Here's a sneak preview of what we are making today, my prototype.  It's already in use if you can't tell!

First thing to do is locate towels you want to hang in your kitchen, pic something you like because each towel is going to make 2 of them, and pick something with a design that runs both ways from the center so that there's nothing upside down on one of the towels.  I bought 6 hand towels at a discount store on clearance that I liked, one of which was supposed to have been a gift but well, I packed, moved and forgot where I put them all until I found them stashed in stuff I don't normally use the other day.

Find some fabric that matches the towels, you really should only need a fat quarter or less for each one.  Find buttons and/or snaps to match, whatever you like.  Wash your towels and the fabric, helps during the handling and gets the initial shrinking and dye loss out of the way.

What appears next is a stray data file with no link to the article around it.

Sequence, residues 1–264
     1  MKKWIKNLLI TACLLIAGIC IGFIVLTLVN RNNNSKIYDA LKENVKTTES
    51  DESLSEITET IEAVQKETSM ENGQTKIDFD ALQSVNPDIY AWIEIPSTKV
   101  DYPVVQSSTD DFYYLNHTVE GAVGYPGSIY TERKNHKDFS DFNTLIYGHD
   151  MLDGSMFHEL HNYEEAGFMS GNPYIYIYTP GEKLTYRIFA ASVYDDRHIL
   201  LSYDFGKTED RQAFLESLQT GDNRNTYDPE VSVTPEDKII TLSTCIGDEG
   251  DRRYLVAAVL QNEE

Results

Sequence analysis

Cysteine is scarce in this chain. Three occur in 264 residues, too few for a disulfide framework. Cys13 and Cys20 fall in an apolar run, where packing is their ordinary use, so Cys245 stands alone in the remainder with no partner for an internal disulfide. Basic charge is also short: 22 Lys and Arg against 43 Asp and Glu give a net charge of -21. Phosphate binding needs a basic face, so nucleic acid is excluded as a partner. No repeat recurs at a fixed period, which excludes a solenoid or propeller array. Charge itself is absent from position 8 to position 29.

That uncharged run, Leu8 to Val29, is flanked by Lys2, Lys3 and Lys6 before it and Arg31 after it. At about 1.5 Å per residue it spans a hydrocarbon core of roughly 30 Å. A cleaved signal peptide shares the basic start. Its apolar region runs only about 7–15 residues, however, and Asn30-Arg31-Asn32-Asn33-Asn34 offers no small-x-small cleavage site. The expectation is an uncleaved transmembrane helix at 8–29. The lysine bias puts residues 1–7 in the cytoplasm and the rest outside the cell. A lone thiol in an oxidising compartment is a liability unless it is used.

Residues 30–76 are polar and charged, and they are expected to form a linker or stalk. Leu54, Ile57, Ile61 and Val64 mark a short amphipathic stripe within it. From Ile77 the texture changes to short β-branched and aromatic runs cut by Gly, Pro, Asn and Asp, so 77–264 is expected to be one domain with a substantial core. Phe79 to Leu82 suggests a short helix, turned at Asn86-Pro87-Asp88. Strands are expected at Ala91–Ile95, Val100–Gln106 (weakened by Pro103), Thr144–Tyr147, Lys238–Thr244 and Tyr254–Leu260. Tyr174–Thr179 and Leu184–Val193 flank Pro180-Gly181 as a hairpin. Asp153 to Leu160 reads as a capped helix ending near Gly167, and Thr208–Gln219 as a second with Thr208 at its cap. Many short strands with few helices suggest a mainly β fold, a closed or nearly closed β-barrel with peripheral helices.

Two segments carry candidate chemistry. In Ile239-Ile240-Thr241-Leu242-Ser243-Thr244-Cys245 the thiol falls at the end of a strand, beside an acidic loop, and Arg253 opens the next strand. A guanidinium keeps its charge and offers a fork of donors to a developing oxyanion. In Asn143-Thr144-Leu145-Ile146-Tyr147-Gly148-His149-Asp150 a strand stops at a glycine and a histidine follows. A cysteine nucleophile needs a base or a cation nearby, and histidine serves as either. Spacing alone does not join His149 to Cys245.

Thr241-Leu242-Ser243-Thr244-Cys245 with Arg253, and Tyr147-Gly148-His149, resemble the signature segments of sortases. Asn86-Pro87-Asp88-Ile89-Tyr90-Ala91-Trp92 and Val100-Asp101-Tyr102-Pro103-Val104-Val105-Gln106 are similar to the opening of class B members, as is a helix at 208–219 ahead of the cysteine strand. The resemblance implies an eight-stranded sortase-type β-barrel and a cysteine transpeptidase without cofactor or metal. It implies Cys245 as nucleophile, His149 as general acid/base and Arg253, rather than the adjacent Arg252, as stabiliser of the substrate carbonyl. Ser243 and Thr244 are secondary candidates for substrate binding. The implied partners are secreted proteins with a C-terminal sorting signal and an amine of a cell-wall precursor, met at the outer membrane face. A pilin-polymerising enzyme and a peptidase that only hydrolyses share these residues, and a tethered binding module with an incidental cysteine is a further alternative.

Now you need to mark the middle of the towel on the back with a pen or pencil or fabric marker of some sort.  Beware, the next couple of pics are of my ancient, well used, towels (and yes that's as clean as it gets any more) because I forgot to take pics of my progress for the first few steps!

Next we are going to fold over the sides, to the middle and back out, matching that center line, so that it looks like this:

Then we are going to sew 2 lines of stitching using your presser foot as a guide on either side of that center line.

Then you cut along that line and create 2 towels that look like this: